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Reading is everything

Nancy Strobel, a Chokio native, works with a student as part of Morris Area's participation in the Minnesota Reading Corps last spring. While Strobel, a 2005 Chokio-Alberta and 2009 Minnesota State-Moorhead graduate, has left the program, Reading Corps will continue in 2011-2012.1 / 2
Susan Enzminger, of Morris, is getting ready for her second year working with Morris Area students through the Minnesota Reading Corps program. Her counterpart last year, Nancy Strobel, worked with students in a one-on-one environment. Enzminger's assignment differed in that she worked with students in their regular classroom setting.2 / 2

MORRIS - There will always be debate about which subject is most important for a school child to learn, but there is no questioning that reading is the most vital skill. Without it, they are lost in education.

Enter Minnesota Reading Corps, a statewide program designed to make students successful readers by the end of 3rd grade. MRC was a pilot project of the AmeriCorps program and is now one of its largest programs in the U.S. More than 400 sites in Minnesota employ trained Reading Corps literacy tutors. Nancy Stobel and Susan Enzminger were Reading Corps tutors in the Morris Area School District for the 2010-2011 school year, both taking on different roles within the program.

Nancy is a 2005 Chokio-Alberta graduate and a Dec. 2009 graduate of Minnesota State-Moorhead with a degree in Elementary and Early Childhood Education. She student taught in the Wheaton school district, which had a Reading Corps program.

"I saw it working for the students there and I knew it would be a great program to get into," said Strobel, whose mother, Diane, is a pre-school teacher in Morris.

Reading Corps tutors work full- or part-time, depending on the need in the school, and work in pre-school programs or kindergarten through 3rd grade programs.

Tutors receive a stipend, an education award, on-going training and other benefits to work with children on literacy's "Big 5": conversation skills, vocabulary, book and print rules, phonological awareness and the alphabet.

"It's great training as a teacher," Nancy Strobel said. "You get a year of experience, and Reading Corps is great for reading. It does wonders for kids."

Tutors work just below the students grade level in an effort to get them up to speed by the end of 3rd grade. That's an important level, Strobel said, because learning after that point leans more toward content and comprehension.

"Reading is everything - it's the basis of all education," Strobel said. "It's hard to learn any other subject matter if you don't have the basic reading skills."

Strobel works with students one-on-one for a set time each week while Enzminger works in Diane Strobel's pre-school classroom among the entire group of students.

The Reading Corps tutors work closely with the teaching staff to assess progress or lack of progress and tailor the program to each child.

"You are really accepted as part of the staff rather than another helper," Nancy Strobel said. "Being on the other end - the teacher's end - and seeing the improvement the students made, I was impressed." Nancy Strobel said she won't be back in the program this coming year but that it was an invaluable experience for her future career ambitions.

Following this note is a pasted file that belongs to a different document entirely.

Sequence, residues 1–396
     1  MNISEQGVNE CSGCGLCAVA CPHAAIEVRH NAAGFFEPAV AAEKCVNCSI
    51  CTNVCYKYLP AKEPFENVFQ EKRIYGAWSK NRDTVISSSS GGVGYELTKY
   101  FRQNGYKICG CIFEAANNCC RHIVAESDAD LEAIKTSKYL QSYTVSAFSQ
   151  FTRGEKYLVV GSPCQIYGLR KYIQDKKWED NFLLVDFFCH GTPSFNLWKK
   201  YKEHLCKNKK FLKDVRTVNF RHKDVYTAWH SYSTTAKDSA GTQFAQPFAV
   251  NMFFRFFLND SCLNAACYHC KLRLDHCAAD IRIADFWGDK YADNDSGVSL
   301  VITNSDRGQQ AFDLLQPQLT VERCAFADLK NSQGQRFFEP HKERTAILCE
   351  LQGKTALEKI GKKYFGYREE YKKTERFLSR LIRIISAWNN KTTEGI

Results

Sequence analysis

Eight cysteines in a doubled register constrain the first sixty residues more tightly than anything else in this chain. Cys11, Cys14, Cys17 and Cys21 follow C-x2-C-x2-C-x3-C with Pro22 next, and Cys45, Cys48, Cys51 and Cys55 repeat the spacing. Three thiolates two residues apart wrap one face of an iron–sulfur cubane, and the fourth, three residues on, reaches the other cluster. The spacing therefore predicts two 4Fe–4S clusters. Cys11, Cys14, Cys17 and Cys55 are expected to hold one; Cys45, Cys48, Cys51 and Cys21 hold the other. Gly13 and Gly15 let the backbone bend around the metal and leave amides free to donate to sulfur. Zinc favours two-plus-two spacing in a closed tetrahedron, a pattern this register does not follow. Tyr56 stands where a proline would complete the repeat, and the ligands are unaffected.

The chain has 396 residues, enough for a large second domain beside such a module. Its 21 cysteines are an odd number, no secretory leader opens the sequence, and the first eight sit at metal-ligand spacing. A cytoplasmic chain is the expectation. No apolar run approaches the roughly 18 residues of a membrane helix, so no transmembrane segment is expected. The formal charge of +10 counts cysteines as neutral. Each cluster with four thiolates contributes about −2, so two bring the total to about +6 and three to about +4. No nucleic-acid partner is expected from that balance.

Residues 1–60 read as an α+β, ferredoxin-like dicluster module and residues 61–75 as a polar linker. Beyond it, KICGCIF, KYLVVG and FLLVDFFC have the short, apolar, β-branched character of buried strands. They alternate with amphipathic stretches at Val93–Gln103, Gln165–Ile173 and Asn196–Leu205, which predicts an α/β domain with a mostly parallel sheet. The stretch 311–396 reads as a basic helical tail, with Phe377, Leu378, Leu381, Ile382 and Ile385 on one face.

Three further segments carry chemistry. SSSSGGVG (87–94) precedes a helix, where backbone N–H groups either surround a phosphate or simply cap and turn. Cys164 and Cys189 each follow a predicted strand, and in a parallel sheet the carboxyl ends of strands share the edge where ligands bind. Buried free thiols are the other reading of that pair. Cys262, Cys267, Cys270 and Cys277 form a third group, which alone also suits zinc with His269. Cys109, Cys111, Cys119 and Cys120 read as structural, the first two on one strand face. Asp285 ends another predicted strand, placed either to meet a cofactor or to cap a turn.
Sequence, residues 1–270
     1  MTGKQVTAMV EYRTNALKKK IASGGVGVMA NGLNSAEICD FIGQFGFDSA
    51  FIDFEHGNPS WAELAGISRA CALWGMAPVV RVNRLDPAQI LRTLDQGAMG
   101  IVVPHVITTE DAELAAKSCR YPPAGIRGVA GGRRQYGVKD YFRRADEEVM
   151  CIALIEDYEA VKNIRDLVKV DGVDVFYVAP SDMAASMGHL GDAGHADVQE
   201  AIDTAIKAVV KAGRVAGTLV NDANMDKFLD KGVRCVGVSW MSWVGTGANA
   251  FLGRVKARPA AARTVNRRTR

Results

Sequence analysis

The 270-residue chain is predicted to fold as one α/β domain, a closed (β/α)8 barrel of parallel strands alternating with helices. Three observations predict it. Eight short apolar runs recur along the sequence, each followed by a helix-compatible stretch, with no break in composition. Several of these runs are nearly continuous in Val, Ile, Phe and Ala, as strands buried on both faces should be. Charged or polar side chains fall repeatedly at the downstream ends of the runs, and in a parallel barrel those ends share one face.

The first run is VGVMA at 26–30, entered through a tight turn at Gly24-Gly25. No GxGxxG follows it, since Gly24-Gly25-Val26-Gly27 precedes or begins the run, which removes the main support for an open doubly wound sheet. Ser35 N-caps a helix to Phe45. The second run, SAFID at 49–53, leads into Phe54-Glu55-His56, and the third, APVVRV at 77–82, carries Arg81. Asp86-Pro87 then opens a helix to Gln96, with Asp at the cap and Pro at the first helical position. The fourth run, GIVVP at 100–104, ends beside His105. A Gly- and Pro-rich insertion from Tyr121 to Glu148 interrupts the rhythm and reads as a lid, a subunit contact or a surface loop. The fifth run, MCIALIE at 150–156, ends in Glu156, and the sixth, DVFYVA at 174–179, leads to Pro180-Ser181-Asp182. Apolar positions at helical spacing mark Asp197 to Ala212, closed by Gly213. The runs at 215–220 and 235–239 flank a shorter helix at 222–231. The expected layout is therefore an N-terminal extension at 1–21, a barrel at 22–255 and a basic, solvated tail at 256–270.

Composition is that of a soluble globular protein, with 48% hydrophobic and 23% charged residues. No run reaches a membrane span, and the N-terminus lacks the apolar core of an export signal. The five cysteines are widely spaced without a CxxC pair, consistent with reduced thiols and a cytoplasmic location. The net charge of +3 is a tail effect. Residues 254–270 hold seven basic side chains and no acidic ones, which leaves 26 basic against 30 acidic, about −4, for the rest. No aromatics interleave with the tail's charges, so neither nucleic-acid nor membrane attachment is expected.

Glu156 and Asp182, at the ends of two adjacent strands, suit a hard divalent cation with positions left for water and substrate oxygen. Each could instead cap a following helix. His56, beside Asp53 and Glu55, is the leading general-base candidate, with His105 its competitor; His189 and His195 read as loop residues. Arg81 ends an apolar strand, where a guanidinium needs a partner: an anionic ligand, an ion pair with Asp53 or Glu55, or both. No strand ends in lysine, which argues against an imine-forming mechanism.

"I gained so much information about reading deficiencies," she said. "I can pick them out quicker and develop tools to deal with them."

Enzminger said she had plans to become a teacher as a youth but that goal was put on hold once she married and had kids.

Later, she was apprehensive about spending the time and money to go to college to know if teaching was her true ambition. The Reading Corps program was perfect for her.

"It's a totally new venture for me, and it's been awesome," Enzminger said. "I'm too old to waste years and money on college if this wasn't something I wanted to do. I don't have to spend money on schooling to find out what I like in the classroom."

But Enzminger found out working in Reading Corps that the classroom is where she wants to be. She'll work in the program at Morris Area Elementary School again this year - tutors can spend three years in the program - and then take a look at possibly going to college.

Enzminger is "embedded" in the classroom but may pull a student out for five or 10 minutes of one-on-one exercises if needed. It's a difficult age to predict results because there is so much learning the students are doing at that age, aside from academics, Enzminger said.

"Kids learn in chunks and it's all new to them so it takes time before they are fluent," Enzminger said. "You hit on all these things, but when the light goes on is hard to predict. It's hard for the students to get it and by the end of the year, it's snap, snap, snap."

Enzminger's work and training has helped her at home, as well. For example, through the program she learned that a chemical released in the brain when a child is under stress effectively shuts down the learning area of the brain.

"If kids are stressed, they're not learning," said Enzminger, who has five children ages 20, 19, 13, 10 and 7. "I learned that through my training and it's helped in the job and it's helped me with my own kids and myself."

Nancy Strobel is setting out to settle into a new career. Enzminger became a grandmother in March. Both found fulfillment, personally and professionally, in Reading Corps.

"It's been a really great experience," Enzminger said. "I've learned so much and I think I've really grown within the job."